mBs may report access link CQIs to the PoP via the PUSCH. The access link CQI reporting may be scheduled via a persistent PUSCH schedule. A mB may also initiate an access link CQI report, for example, if a mUE requires a handover before the next scheduled CQI report. The report may be initiated by a normal service request (SR) on the cellular link, and may be piggybacked on other UL transmissions. An eNB that receives a report may transmit an updated mmW relay schedule based on the report.

Sounding between a neighbor mB and a mUE may be the same as between a serving mB and a mUE except that the motivation for initiating an aperiodic CQI report may be different. For example, the report may be used to indicate that a mUE with a low CQI should not be handed off to a particular mB, and the mB might be removed from the mUE's neighbor list.

As discussed earlier in connection with FIG. 2, the low latency mmW system may also act as a pure backhaul solution to carry multiple-access-user data to the edge mB in a similar way to fiber transmissions. Depending on the air interface of the access link between the edge mB and the end user, e.g. a UE or mUE, the edge node may perform decode-and-forward (DF). The eNB may schedule the multiple access link user data transmission together with the scheduling of the backhaul link in the mmDCI, and the scheduled users may take into account a pre-defined DF-related delay before starting to receive the de-multiplexed data. Alternatively, the eNB may only schedule the AF transmission to the edge mB and the edge mB may apply DF and also flow control, and may schedule the de-multiplexed data independently.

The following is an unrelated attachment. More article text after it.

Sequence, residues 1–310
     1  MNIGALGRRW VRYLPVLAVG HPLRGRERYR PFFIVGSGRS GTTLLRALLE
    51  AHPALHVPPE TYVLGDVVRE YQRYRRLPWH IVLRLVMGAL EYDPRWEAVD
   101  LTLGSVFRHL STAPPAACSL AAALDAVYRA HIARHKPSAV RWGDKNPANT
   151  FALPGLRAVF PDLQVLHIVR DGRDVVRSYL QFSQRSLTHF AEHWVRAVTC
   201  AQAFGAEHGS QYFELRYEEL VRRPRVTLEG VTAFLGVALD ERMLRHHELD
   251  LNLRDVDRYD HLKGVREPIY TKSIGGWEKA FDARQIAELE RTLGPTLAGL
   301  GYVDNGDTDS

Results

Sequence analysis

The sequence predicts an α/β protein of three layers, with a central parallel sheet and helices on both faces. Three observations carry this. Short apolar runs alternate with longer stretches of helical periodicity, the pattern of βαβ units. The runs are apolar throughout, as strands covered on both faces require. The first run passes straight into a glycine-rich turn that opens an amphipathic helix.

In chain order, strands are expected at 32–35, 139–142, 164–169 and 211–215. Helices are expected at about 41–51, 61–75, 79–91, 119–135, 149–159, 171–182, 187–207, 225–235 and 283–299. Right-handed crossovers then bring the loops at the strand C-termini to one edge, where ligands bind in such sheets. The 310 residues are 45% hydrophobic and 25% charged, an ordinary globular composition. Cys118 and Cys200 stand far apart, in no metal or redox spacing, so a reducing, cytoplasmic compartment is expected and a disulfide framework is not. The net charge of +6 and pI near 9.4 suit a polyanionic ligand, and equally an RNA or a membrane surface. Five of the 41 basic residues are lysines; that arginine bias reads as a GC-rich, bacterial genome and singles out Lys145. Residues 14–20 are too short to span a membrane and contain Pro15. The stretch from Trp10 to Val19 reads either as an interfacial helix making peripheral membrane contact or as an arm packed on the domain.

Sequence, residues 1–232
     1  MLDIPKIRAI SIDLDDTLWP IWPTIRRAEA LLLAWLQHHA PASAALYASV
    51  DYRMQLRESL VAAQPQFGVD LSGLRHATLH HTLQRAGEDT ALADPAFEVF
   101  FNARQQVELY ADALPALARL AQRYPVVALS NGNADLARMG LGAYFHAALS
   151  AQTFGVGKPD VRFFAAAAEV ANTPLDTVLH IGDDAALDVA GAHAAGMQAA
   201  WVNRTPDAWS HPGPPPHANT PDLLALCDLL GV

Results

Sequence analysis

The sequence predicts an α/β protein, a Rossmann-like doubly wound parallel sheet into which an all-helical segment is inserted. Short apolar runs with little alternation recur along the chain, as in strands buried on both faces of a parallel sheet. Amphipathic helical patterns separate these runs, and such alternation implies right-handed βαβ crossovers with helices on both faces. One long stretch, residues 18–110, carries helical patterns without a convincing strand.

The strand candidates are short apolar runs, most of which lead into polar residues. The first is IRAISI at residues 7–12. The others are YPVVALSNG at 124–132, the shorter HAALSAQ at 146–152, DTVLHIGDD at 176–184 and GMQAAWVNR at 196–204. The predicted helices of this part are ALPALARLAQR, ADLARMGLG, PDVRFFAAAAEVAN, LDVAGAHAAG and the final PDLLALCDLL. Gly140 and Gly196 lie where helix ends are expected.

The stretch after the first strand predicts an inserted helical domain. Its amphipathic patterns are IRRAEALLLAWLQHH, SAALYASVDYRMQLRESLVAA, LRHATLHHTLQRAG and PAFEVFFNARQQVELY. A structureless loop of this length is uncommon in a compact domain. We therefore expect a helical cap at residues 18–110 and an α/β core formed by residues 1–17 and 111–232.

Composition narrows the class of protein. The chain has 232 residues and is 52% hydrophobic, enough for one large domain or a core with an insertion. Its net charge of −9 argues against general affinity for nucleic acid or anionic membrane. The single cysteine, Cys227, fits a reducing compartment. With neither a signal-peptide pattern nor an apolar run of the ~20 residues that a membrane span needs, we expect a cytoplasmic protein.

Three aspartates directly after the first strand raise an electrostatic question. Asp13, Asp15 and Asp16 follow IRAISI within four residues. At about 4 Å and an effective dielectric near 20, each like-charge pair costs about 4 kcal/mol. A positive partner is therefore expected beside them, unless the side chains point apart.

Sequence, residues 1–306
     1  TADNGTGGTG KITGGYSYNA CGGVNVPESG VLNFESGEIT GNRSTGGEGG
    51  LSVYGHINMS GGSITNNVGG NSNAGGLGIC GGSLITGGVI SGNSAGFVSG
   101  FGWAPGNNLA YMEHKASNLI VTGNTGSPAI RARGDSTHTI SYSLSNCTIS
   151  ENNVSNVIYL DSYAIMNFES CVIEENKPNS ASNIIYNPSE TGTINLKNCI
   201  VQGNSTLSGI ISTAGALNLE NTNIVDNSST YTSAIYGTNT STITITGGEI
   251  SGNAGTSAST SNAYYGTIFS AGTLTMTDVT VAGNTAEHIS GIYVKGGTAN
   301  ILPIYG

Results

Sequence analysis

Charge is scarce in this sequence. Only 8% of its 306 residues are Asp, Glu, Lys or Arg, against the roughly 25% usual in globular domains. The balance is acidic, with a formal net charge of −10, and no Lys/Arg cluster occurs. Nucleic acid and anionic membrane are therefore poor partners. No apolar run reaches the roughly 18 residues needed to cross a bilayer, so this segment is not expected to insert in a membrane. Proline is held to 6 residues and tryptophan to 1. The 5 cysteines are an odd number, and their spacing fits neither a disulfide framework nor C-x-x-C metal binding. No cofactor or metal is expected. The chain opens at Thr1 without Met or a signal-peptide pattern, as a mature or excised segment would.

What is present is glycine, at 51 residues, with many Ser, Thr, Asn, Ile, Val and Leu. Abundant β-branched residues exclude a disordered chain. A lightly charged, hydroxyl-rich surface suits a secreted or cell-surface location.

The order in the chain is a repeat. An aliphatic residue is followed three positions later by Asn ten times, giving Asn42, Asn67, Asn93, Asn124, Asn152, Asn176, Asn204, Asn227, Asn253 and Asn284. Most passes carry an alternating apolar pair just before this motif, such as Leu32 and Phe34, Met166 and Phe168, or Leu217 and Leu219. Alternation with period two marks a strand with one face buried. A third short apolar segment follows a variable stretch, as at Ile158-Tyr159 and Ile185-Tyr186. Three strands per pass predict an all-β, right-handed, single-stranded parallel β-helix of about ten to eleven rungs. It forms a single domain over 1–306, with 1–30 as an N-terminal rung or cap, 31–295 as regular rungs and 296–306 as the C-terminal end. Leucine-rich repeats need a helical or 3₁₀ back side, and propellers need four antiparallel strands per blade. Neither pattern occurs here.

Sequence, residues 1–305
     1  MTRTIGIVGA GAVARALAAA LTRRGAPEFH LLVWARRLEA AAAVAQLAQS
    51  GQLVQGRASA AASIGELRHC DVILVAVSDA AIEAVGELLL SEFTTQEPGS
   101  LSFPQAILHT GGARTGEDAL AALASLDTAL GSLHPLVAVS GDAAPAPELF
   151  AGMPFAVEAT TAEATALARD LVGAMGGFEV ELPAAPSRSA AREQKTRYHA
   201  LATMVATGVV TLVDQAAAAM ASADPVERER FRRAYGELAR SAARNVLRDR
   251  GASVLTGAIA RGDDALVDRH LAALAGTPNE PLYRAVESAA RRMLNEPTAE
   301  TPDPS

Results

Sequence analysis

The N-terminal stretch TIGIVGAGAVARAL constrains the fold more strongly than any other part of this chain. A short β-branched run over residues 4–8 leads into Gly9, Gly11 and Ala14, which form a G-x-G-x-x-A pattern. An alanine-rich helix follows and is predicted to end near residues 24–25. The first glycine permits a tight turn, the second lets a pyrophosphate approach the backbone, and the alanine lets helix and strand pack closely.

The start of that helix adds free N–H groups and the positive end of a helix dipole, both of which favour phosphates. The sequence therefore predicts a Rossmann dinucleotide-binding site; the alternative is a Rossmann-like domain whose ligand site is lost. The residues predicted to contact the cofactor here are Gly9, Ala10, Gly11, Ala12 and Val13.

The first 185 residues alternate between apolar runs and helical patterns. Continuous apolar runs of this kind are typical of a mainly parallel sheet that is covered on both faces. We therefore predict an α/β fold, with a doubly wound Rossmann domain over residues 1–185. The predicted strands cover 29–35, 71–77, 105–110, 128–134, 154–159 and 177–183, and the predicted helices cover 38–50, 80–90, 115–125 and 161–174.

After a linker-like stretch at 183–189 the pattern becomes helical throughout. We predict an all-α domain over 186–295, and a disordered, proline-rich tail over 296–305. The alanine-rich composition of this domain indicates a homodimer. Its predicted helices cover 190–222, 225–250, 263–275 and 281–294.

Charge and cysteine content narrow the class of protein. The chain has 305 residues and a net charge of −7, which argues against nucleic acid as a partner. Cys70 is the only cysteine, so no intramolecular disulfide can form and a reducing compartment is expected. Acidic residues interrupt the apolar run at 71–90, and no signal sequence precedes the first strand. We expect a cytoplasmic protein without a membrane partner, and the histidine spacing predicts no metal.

In the case of applying the low latency mmW system for a single user, the access link capacity may be substantially lower than the backhaul link capacity, and flow control and buffering may be applied after the DF process. In this scenario, the use of mmW TTIs in the access link and in the BH links may be decoupled.

To support DF in the edge mB, the mmPDCCH/BHPDCCH message to the edge mB may include additional information, or alternatively the edge mB may listen to the mmPDCCH of the served UEs. The information may include a BH MCS, an access link MCS, and a number of access link mmW TTIs per BH TTI. Note that only two of the three pieces of information (BH MCS, Access MC, Number of access link mmW TTIs per BH) may be needed. The information may also include a BH-access offset that indicates the time between the BH and access TTIs for a given packet.

In the embodiments described herein, it is also possible for the last hop to be on the cellular layer when the target UE does not have mmW capability. In this case, the mmW layer may provide a backhaul to the mBs, which may also act as small LTE cells. The edge mB may terminate the backhaul link and may Decode and Forward (DF) to translate the data from the mmW layer to the cellular layer. This may increase the latency, and thus may need to be taken into consideration for the system design. Both the envisioned AF/DF and AF-only versions of the mmW hot spot underlay systems may share a bulk of the system design described above. In the case in which the mmW layer is providing BH, the small cell may be a regular LTE eNB with its own scheduler, etc. Alternatively, where the mmW layer is providing backhaul to a small cell, the small cell may be a remote radio unit (with no local scheduler, etc.).